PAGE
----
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A Friend in Need...
Friends of the Clinical Center Fills Gaps for Patients

By Jane DeMouy

At 11 a.m. any day of the week, Christine Brake, executive director of the Friends of the Clinical Center (FOCC), is likely to be considering a request from a Clinical Center social worker. A patient from Michigan has been unable to work during his 3-month treatment at NIH, and has no money for rent and utilities at home. The Patient Emergency Fund can't handle needs like this. Can FOCC help?

Brake reviews the outstanding bills, any previous help to the patient and seeks a decision from the FOCC board, most of them volunteers who work at NIH. If the answer is yes, as it most often is, a check can be sent out directly to the landlord or utility company within 24 hours.

Families are often overcome with gratitude. "They're just amazed this could happen. But that's what we're here for — to be a bridge for people with financial emergencies stemming from their treatment at NIH," Brake says.

FOCC board member Joanne Pomponio (l) and Executive Director Christine Brake

With an annual budget of under $80,000, the FOCC is the smallest and probably the least-known NIH charity. "People often confuse us with the Children's Inn," adds Brake. The Patient Emergency Fund provides help with bare essentials such as travel money or emergency cash for food, but can't address the broader needs of families who have lost income because the breadwinner got sick or because of unusual illness-related expenses. When there's nowhere else to turn, CC social workers go to the Friends, a CFC-supported charity.

In the past year, FOCC has paid rent, phone bills, car payments and travel for a mother who needed to come to NIH to escort her disabled son home after his treatment. When an African boy needed a wheelchair, FOCC found a donor and paid the shipping charges to the boy's home country. Patients leaving an alcohol abuse protocol usually transition back to the community through a halfway house. FOCC often covers the 2 months' rent. They picked up the tab for storage of personal effects for a homeless woman being treated for terminal cancer, and made it possible for a family from the Dominican Republic to spend time with their terminally ill son in a rented apartment near NIH.

"The Friends of the Clinical Center was a godsend to us," says Lynn Muska, whose husband, Steve, was diagnosed with melanoma in 2002. He was first treated at Johns Hopkins in their home city, Baltimore. Because Steve's surgeon, Julie Lange, was a former NIH fellow, she and Steve's oncologist suggested an NIH protocol when the cancer returned in 2003.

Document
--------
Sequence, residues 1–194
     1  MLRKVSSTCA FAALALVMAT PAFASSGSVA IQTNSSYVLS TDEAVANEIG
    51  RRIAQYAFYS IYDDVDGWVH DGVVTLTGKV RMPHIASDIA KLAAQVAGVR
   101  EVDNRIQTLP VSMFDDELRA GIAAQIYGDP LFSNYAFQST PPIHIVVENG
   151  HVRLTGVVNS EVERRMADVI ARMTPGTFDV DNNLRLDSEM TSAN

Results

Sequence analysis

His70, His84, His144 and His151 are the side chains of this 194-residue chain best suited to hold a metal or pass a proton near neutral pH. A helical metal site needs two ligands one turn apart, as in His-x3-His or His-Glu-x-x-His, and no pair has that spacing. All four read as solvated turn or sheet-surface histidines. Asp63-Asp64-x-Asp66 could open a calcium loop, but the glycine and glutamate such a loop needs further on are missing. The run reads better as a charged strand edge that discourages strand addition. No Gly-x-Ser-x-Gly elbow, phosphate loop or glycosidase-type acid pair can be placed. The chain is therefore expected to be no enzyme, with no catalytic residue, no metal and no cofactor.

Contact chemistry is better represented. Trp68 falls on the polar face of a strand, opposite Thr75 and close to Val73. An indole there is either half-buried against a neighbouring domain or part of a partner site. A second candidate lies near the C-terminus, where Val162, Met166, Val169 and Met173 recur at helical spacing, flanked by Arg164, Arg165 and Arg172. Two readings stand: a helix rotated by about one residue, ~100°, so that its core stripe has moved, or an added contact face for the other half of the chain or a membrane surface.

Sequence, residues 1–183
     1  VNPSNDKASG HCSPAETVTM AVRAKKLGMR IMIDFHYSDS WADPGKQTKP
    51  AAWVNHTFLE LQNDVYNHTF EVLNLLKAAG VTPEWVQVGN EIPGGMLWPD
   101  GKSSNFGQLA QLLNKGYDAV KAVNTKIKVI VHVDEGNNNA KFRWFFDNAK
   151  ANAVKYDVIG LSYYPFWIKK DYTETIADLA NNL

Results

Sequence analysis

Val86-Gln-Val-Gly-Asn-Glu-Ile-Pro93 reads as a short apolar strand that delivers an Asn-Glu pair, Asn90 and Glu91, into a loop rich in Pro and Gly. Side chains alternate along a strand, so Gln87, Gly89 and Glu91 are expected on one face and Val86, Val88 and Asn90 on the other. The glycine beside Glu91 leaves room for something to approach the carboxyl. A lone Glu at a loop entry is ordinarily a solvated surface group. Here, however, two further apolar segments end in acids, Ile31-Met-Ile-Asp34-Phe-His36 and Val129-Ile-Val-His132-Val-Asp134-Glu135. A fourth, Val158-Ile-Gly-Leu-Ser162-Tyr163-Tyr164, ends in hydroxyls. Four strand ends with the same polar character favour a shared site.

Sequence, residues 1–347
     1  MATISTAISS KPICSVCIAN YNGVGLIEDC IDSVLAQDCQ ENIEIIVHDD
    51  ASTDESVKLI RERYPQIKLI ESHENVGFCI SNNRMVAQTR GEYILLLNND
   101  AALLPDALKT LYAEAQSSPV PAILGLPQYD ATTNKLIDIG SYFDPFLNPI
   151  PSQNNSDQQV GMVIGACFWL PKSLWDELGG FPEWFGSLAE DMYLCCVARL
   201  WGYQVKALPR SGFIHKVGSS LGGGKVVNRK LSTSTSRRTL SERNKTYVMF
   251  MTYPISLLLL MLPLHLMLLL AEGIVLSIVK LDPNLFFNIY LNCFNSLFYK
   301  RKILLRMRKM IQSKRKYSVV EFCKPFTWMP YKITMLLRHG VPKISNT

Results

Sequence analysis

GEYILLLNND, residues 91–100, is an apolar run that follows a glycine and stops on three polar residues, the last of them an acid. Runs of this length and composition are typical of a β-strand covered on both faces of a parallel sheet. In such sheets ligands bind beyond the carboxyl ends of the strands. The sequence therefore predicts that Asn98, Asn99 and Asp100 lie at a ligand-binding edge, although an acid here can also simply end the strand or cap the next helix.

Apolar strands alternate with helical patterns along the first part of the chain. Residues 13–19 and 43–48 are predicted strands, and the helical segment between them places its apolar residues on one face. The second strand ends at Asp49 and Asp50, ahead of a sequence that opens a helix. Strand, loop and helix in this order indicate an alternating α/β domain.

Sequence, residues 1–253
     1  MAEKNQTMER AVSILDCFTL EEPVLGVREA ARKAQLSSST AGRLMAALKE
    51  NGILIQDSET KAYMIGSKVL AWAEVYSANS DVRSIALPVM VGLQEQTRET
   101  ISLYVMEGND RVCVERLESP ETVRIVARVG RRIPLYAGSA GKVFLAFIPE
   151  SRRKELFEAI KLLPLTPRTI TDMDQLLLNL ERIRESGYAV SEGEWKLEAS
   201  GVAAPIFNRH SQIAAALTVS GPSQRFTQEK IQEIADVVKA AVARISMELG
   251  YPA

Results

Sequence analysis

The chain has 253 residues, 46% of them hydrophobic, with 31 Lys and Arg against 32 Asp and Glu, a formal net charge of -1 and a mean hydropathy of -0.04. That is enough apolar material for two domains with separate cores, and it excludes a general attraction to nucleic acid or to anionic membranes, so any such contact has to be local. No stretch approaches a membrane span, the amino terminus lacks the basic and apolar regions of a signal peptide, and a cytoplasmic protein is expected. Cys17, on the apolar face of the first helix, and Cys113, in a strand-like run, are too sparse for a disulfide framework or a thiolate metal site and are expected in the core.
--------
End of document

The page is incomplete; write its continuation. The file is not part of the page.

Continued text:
"I had no idea what NIH did before we came here. I've never seen a hospital run like this place is," says Lynn. "The dedication is incredible. I tell everybody how wonderful NIH is." The Muskas are a perfect example of how financial disaster can strike a second blow after a diagnosis of serious illness.

Steve Muska's illness cost him a lot of time off from his job as IT director for a small company. Eventually, he was laid off, just 2 months before more tumors came to light. After he completed an NCI protocol, a PET scan revealed two tumors in his bowel. Lynn Muska is CFO for the same company, but her travel to Bethesda and a downturn in business reduced her income substantially, just when they needed it most. Steve couldn't collect unemployment because he wasn't capable of looking for work, a requirement for unemployment support.

Steve and Lynn Muska keep their spirits up with help from the Friends of the Clinical Center.

"We have a pretty healthy mortgage," Lynn says, largely because they remodeled their house to accommodate Steve's aging mother, who moved in with them 7 months before Steve's melanoma was diagnosed. "Steve couldn't work. My pay was cut, gas prices were going up and the mortgage, car and homeowner's insurance were all due at the same time. We were really feeling the crunch. If we had had to pay for Steve's medical supplies, I'd be selling the house." It was an FOCC moment. The Friends came through with a mortgage payment of nearly $1,600.

"We had always been so blessed. We never thought we'd need money, but God has sent so many wonderful people to help us out," Lynn Muska says, holding back tears. "I hate to ask for help unless I can return it at some point," she adds. "When we're working again, FOCC goes right to the top of our list of contributions."

Steve had to spend Christmas at NIH and Lynn needs work with a better salary in the new year. But the new NCI protocol he's just completed has shown success in shrinking tumors, and Lynn will find a new job when Steve's better, she says. "NIH keeps our hope alive. We met a patient who's been coming to NIH for 22 years. She hasn't beaten the cancer, but the cancer hasn't beaten her. We feel Steve's got a good chance."

FOCC gets about a third of its budget from CFC contributions. The rest comes from an annual golf tournament and fund-raisers run by the R&W such as the NIH Outdoor Film Fest.

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